Growing up, I learnt quite quickly that getting into my parents’ good books was easy if I topped the class. Everytime I stood first in the class, smiles were aplenty from my mom and my dad. If I came in second, I was grilled about what I did wrong, who had beaten me, to study their weaknesses and beat them the next time around. While they did say “Don’t worry, study harder and come first the next time, you’re smart”, it was quite evident that what mattered was coming first. In the Indian school system with monthly tests, quarterly and annual exams, there were lots of opportunities either win their affection or lose it.
Unconsciously, I equated being loved to being the first in whatever I did, beating everybody else. Inadvertently, my parents had pushed me into the comparison game, a game at which satisfaction was always transitory. It was like attempting to overtake vehicles on a highway; there was always somebody else ahead to overtake. It was exhausting.
In my attempt to top the class, I took to rote memorization of the subject. Sometimes, if I was very tense, I’d mix up the question and answer at first and had to work extra hard to undo the mistake and still finish the exam on time. To this day, I can expound on evolution, neuroscience and network protocols, but my basic physics is practically nil as is my basic chemistry and math. I memorized the rules without ever understanding them enough to know when to apply them in everyday life. It is a constant source of amusement to Shanthala who says that I got into college without ever passing through school.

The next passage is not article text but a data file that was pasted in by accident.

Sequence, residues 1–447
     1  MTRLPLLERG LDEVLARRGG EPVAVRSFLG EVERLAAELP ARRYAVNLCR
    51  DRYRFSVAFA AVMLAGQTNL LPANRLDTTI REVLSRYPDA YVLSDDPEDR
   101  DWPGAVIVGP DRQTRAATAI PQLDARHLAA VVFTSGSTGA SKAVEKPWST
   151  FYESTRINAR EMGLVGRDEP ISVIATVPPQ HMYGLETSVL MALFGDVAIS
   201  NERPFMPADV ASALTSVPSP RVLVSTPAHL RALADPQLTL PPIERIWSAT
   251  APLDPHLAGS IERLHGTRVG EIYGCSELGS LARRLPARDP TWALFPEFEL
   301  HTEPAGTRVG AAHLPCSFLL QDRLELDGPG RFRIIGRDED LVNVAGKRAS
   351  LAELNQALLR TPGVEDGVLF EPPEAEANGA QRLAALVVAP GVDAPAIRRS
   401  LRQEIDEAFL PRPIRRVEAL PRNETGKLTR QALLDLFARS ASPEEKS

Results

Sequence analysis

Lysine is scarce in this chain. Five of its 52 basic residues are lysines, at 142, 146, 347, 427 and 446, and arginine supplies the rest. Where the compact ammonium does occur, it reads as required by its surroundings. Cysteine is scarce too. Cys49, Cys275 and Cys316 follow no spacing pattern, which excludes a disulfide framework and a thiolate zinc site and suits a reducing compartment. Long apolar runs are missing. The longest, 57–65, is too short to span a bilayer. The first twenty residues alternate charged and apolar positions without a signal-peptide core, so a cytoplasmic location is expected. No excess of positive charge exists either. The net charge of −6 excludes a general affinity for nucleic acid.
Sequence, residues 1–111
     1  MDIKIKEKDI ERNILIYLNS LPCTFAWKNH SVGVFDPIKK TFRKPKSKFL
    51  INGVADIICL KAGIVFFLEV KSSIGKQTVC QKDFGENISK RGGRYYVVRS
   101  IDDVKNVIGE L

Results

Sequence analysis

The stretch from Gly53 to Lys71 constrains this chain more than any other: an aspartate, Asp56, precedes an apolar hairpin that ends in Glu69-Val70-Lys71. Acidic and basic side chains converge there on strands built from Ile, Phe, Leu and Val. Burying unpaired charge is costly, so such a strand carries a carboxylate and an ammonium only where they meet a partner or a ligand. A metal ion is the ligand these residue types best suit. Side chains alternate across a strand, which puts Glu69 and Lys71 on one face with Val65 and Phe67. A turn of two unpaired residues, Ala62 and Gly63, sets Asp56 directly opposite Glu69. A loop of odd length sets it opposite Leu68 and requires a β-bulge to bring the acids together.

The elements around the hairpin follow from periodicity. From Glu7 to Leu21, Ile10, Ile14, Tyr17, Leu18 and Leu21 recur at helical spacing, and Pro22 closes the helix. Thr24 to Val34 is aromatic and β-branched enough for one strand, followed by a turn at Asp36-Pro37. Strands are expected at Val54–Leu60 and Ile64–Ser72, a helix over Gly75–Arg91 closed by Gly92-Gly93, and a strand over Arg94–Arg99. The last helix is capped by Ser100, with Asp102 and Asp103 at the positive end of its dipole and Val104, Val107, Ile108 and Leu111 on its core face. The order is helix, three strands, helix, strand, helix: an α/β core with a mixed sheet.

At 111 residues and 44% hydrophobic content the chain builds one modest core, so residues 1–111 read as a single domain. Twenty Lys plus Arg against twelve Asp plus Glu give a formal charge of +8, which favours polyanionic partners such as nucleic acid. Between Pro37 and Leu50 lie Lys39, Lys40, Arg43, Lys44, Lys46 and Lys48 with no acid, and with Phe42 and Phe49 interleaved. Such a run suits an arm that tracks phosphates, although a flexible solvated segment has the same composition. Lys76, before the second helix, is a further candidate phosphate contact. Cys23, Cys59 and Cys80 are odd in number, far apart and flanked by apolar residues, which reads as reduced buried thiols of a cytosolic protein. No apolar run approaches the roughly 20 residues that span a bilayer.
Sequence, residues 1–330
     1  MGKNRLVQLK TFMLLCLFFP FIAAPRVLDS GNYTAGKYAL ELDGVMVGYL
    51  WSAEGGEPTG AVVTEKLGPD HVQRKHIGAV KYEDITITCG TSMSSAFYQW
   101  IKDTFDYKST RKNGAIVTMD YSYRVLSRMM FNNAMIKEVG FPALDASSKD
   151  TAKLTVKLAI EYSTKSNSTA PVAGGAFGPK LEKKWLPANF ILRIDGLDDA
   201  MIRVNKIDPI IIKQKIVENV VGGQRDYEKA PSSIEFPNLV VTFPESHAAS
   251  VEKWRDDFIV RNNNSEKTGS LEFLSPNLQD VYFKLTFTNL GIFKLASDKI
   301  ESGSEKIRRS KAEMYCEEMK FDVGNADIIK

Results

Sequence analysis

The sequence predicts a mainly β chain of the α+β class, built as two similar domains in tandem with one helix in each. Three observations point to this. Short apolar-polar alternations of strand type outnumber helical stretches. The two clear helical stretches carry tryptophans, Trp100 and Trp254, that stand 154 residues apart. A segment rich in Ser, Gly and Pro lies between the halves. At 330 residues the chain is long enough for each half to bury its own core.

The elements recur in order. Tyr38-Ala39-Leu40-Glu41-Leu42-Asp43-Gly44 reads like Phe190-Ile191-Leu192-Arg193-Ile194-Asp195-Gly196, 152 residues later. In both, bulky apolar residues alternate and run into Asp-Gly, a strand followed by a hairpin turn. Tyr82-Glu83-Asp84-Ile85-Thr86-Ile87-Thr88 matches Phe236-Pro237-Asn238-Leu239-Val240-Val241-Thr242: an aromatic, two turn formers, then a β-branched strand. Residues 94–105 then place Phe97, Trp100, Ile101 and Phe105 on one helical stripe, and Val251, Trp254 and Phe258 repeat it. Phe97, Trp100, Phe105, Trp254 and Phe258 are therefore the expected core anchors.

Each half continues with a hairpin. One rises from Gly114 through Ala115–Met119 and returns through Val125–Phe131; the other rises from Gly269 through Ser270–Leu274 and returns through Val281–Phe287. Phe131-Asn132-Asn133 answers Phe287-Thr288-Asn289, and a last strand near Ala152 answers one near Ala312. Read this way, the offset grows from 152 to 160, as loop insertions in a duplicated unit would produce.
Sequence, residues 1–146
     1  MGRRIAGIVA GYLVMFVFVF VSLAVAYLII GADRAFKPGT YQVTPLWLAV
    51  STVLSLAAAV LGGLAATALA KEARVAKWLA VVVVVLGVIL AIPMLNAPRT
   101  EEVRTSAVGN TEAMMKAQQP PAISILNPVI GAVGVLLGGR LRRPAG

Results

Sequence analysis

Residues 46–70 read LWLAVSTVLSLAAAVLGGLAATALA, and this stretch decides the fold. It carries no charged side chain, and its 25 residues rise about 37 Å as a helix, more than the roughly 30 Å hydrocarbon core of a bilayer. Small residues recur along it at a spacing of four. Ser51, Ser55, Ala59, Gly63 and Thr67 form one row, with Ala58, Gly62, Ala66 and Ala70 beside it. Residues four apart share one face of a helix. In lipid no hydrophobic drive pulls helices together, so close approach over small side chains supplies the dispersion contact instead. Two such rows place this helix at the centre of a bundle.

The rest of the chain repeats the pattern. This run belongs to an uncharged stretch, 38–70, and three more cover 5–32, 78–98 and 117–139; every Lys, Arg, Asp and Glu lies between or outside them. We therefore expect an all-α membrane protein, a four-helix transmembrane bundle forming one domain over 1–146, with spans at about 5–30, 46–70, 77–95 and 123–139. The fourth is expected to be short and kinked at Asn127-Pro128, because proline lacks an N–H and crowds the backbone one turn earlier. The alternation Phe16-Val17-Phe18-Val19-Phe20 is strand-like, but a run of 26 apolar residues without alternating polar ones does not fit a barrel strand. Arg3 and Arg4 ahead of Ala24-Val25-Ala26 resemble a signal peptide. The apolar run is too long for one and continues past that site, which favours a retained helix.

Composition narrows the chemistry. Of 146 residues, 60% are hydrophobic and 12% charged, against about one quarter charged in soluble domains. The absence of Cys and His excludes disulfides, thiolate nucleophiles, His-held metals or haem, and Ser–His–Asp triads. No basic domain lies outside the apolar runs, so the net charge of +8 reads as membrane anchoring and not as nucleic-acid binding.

This attempt to top the class also made me very competitive and jealous of anybody who could beat me at the game. It was in Davangere that I first learnt that there are other ways of learning, of being. When I topped the class the first time, Shanthala and another friend congratulated me enthusiastically. Surprised at what seemed like genuine praise, I asked them, “Are you not even a little jealous that I beat you to it ?”. Dumbfounded, they said no. I couldn’t believe my ears.